/** Returns the amount of available memory of \p sb. */
int sb_avail(const sb_t * _Ref _Nonnull sb);

Would be imported as follow:

struct sb_t {
    var data: UnsafeMutablePointer<Int8>
    var len: Int32
    var size: Int32
}

func sb_adds(_ sb: inout sb_t, _ str: UnsafePointer<Int8>)
func sb_addsb(_ sb: inout sb_t, _ other: sb_t)
func sb_avail(_ sb: sb_t) -> Int32

Impact on existing code

This proposal has no impact on existing code since it proposes additive changes only. However, opting in for the `_Ref` qualifier on APIs already exposed in Swift will impact the generated code.

* For `const` pointers, the change is always source-incompatible
* For non-`const` pointers, the change will be source-compatible everywhere we use the `&object` syntax to pass the argument from a plain object, but will break sources that passed an `Unsafe*Pointer` as argument.

Alternatives considered

It has been considered to use to qualifiers family instead of the `_Ref`:

- one family to specify the kind of pointer: single object or array
- one family to declare the ownership

This approach has the clear advantage to be more flexible, however it has been found to be less expressive. Considering C API already should use nullability qualifiers on every single pointers, forcing two additional qualifiers on every pointer would be painful and negatively impact the readability of the C APIs.

`_Ref` on the other hand is short and leverage a concept already known by developers, but is also more specific to particular use case.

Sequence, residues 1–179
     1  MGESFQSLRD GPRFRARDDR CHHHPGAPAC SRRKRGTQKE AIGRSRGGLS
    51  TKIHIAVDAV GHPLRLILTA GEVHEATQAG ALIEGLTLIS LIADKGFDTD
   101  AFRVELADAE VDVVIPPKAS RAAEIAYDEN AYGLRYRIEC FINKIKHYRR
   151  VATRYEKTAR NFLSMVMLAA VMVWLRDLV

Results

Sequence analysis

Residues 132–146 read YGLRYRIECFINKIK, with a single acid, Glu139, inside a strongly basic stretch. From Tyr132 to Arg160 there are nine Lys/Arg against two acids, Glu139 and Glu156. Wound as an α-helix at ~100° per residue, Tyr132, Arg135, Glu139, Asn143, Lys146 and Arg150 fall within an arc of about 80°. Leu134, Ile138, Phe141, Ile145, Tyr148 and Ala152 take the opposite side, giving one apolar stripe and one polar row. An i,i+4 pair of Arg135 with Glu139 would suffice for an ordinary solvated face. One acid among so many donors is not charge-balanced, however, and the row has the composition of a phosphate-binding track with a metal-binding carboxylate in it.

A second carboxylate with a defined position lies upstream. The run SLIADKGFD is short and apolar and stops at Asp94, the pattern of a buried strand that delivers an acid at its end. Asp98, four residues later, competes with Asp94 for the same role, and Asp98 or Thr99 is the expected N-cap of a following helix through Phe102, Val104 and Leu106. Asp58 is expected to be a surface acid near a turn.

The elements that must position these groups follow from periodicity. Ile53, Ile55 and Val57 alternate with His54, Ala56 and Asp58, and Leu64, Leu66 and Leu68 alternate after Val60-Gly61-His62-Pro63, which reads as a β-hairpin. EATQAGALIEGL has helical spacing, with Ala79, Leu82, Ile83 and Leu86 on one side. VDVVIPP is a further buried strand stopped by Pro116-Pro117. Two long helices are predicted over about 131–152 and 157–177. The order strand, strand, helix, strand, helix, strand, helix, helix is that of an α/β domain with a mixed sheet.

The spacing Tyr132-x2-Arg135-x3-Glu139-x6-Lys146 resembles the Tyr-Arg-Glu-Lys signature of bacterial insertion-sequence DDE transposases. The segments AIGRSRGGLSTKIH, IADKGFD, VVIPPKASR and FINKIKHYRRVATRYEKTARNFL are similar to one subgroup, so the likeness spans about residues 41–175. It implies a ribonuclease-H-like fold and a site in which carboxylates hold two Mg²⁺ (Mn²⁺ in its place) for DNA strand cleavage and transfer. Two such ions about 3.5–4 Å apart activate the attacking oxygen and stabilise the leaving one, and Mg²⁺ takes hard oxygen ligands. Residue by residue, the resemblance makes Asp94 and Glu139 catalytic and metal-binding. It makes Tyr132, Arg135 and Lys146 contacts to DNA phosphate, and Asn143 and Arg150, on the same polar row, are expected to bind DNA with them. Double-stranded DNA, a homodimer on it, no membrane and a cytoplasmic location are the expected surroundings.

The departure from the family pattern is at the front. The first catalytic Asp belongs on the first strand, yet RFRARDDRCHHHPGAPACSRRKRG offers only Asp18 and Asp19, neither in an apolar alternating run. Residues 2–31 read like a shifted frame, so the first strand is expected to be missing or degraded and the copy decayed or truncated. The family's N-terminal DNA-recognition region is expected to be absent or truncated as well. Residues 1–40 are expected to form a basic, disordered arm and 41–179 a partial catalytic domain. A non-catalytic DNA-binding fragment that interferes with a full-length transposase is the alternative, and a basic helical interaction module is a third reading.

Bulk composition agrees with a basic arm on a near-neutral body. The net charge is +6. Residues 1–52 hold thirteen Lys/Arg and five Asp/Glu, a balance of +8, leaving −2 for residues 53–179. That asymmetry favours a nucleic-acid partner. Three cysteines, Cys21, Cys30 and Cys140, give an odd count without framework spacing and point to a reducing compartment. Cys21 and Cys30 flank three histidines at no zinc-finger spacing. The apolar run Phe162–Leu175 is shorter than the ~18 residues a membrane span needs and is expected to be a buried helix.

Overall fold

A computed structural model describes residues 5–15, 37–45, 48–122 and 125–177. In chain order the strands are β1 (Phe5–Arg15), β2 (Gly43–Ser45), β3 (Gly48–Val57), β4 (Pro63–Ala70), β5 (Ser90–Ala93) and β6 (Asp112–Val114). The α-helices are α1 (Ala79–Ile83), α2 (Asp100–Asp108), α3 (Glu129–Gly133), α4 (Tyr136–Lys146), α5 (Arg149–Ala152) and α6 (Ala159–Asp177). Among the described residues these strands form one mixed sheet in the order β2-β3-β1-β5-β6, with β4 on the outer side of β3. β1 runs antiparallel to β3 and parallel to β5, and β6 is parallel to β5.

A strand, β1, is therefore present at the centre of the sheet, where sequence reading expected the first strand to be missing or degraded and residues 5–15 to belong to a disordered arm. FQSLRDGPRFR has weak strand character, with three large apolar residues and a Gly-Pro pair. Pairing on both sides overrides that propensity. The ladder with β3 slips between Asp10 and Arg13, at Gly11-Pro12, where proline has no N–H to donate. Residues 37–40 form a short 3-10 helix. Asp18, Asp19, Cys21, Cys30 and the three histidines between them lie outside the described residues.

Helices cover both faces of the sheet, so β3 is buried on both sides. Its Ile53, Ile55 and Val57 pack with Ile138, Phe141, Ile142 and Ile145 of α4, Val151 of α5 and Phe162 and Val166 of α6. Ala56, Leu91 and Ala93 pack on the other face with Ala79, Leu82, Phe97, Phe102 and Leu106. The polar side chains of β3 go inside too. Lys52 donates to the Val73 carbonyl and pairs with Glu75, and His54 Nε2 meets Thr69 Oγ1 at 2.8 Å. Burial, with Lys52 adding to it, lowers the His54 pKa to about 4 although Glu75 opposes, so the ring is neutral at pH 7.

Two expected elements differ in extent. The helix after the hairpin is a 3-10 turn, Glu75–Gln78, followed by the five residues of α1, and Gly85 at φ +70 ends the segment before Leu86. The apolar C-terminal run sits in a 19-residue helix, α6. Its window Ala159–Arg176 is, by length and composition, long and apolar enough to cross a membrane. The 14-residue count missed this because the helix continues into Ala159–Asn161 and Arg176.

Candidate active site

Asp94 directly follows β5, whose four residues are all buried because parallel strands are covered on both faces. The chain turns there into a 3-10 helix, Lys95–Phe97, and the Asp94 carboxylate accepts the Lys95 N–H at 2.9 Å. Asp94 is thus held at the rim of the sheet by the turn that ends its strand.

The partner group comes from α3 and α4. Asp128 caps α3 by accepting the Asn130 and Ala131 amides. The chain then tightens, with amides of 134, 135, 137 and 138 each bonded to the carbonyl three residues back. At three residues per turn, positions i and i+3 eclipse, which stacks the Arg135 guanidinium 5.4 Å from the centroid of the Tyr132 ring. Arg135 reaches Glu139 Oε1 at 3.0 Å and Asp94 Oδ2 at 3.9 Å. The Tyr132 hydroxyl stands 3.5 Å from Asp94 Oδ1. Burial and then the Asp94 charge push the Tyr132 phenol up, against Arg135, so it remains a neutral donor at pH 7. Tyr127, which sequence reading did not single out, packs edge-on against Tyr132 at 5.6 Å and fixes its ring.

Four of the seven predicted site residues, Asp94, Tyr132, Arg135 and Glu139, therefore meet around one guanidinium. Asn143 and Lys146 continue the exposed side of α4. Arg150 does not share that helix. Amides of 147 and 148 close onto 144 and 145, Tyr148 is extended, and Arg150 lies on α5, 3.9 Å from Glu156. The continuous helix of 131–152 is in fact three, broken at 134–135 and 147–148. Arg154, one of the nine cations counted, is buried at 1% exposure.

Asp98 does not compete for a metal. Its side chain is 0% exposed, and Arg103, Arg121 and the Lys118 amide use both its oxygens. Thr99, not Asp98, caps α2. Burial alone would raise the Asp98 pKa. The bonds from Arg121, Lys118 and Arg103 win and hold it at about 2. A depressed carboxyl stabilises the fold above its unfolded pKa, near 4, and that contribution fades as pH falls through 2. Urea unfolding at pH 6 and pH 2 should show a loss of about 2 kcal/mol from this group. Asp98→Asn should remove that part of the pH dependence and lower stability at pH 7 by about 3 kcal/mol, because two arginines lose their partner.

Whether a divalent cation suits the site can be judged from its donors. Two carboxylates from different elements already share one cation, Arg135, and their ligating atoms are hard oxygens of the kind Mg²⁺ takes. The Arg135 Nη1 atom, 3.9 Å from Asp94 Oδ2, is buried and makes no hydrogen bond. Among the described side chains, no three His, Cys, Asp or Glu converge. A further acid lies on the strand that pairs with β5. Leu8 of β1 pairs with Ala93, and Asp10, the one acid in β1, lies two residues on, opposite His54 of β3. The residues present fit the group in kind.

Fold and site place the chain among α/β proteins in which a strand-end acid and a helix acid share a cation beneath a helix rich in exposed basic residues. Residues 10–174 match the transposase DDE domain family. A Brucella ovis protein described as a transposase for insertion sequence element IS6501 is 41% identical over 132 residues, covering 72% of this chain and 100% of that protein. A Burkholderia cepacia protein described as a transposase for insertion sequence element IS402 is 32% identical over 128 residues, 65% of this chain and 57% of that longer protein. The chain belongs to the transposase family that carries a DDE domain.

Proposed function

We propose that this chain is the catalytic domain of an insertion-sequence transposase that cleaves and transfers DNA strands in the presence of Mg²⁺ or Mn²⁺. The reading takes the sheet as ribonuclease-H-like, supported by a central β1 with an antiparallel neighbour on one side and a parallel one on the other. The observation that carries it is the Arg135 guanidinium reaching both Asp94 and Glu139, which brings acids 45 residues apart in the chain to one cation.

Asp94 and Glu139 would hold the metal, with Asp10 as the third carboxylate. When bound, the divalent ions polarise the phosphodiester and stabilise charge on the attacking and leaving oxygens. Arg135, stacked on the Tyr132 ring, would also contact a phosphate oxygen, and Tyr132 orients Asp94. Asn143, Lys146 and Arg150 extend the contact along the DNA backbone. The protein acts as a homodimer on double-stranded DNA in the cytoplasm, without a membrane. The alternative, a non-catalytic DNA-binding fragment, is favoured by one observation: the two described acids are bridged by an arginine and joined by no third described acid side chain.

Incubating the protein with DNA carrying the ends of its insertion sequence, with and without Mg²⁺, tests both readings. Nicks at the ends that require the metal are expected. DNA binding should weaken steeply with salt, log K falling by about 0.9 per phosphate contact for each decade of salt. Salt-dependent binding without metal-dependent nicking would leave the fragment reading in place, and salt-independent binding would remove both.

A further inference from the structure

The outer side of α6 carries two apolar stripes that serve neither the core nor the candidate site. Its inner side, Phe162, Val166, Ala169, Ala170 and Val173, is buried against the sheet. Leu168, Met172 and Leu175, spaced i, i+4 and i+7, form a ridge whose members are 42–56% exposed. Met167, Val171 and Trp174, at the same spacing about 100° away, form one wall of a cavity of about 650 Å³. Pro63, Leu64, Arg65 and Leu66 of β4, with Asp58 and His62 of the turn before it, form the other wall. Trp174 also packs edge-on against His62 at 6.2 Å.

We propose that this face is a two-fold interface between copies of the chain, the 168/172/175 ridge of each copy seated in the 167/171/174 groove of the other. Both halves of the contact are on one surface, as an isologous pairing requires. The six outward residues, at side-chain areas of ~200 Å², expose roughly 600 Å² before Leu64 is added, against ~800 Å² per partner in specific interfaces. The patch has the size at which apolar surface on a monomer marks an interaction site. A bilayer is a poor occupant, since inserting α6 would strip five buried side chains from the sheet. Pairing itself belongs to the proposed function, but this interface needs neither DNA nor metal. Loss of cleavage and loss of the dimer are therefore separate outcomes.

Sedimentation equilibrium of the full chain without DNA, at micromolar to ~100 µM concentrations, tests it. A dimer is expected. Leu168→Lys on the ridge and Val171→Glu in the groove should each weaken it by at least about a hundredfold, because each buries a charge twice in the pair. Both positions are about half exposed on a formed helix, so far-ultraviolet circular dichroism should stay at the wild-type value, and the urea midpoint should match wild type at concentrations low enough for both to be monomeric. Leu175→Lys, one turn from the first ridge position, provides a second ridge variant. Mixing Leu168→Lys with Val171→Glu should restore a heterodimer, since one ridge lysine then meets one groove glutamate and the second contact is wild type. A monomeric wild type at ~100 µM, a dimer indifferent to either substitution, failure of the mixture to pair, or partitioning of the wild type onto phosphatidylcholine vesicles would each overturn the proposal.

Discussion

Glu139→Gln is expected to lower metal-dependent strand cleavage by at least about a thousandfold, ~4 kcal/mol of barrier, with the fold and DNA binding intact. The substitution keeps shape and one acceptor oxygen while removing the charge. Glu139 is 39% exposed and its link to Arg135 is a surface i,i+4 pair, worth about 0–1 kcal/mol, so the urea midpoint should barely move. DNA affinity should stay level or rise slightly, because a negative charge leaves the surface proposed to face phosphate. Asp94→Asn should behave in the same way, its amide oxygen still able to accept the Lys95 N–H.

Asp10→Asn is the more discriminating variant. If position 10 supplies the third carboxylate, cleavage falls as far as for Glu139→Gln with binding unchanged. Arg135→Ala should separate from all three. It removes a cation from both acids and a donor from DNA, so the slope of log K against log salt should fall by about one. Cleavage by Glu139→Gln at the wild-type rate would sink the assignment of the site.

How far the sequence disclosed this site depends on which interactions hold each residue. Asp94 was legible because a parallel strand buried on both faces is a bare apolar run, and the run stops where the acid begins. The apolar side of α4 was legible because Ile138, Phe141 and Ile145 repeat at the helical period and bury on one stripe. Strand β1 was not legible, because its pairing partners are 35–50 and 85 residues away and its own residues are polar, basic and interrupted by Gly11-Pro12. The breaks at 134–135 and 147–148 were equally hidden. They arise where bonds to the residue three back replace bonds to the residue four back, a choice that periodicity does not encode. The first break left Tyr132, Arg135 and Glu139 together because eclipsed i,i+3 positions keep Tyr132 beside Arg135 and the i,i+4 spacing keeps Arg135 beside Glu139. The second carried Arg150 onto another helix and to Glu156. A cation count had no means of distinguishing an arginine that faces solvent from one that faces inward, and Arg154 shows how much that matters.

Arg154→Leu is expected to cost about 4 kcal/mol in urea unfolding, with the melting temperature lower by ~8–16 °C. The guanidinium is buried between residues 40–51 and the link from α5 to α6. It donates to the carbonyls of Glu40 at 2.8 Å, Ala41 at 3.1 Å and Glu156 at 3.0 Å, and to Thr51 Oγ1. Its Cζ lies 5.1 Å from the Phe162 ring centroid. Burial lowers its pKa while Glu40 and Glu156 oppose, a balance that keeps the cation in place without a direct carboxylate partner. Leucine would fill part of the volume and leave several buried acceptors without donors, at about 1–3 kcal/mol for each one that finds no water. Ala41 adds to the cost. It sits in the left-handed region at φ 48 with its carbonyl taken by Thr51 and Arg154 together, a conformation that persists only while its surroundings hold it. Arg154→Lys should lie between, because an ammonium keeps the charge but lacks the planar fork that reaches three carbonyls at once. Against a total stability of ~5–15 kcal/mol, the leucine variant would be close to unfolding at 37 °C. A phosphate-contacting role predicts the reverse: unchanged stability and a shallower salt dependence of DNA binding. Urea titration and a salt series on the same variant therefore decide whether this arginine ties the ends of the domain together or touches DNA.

Discussion

* Safety: won't this make developper think they are calling safe APIs from Swift while the API is actually unsafe?

There is certainly a risk a C API make an improper use of `_Ref` (in particular, breaks the non-owning part of the contract). However, this kind of safety issues are already present when using the `swift_name()` attribute of function and mapping one of the pointer parameter of the function to `self:`, or when using the nullability qualifiers.

* What about pointers stored in structures? or pointers returned by functions?

As a qualifier, `_Ref` could also be used on pointers that are not arguments of a function:

typedef struct {
    sb_t * _Ref obj;
} sb_ptr_t;

sb_t * _Ref sb_get_singleton(void);

Swift, however, cannot import those as `sb_t` but will still be forced to use `Unsafe*Pointer<sb_t>` since `sb_t` is a structure and as such is not stored by reference.

We could also imagine a standard `Reference<T>` type that would wrap a pointer to a `T` (and could exposes the API of `T` on it).

* What about function pointers that take a `_Ref` object?

When an API takes a function pointer whose type includes a `_Ref` qualified parameter, the qualifier applies:

void take_cb(int (*a)(sb_t const * _Ref _Nonnull sb, sb_t * _Ref _Nonnull other))
func cb(sb: sb_t, other: inout sb_t) {
    ...
}

take_cb(cb)